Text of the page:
Generally, the capacitance of electrode material is proportional to the area surrounded by the CV curves [26]. As a result, sample a presented the highest capacitance as shown in Fig. 7. Furthermore, the CV curves of sample a electrode at different scan rates of 10, 30, 50 and 100 mV/s were presented in Fig. 8. The increment in current with the scan rate suggested an ideal capacitive behavior [27]. Moreover, there was no significant change in the rectangular shape with increasing scan rates, indicating the electrochemical reversibility of the faraday redox reaction on Mn3O4 and a good cycle efficiency of the charge-discharge process [28].

 

Figure 8 CV curves of sample a in 6 M KOH at different scan rates of 10, 30, 50 and 100 mV/s.

Figure 8 CV curves of sample a in 6 M KOH at different scan rates of 10, 30, 50 and 100 mV/s.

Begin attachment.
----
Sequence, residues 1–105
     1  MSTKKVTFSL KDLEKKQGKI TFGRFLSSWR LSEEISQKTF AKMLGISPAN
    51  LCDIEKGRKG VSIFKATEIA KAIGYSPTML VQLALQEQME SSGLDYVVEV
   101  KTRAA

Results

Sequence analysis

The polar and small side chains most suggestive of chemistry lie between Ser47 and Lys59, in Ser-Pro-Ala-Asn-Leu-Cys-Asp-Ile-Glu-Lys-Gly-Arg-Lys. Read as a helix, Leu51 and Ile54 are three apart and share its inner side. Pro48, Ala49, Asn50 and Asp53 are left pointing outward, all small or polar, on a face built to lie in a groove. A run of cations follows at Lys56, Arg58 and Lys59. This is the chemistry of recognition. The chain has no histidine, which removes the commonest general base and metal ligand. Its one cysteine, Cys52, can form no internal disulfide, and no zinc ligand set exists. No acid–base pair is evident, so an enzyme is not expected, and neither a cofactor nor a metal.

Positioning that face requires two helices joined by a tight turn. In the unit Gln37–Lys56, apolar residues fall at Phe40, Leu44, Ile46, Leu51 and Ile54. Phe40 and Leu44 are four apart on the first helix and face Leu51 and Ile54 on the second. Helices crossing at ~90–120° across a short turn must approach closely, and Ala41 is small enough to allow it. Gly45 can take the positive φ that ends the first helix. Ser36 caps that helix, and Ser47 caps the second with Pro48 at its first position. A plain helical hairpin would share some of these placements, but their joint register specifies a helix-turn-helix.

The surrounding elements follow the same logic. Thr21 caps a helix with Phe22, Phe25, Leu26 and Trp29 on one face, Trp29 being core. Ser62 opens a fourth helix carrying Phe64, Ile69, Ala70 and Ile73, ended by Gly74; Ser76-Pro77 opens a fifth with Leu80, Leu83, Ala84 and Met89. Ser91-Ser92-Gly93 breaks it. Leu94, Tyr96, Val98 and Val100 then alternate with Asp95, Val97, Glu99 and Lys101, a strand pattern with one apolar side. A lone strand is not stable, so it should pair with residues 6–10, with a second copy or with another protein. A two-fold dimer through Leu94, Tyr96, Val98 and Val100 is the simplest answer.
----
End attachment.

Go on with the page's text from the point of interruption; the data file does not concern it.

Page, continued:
The galvanostatic charge-discharge curves of sample a, sample b and bulk Mn3O4 is shown in Fig. 9. It can be found that there was slope variation of potential with time in discharge curves, resulted from redox reaction between electrolyte and Mn3O4 electrode, which was a characteristic of pseudo-capacitive behavior [28]. Additionally, the charge-discharge duration increased in the order of bulk Mn3O4 sample b sample a which was determined by the specific capacitance of Mn3O4. The specific capacitance was calculated using the following equation [29],

 

FOM2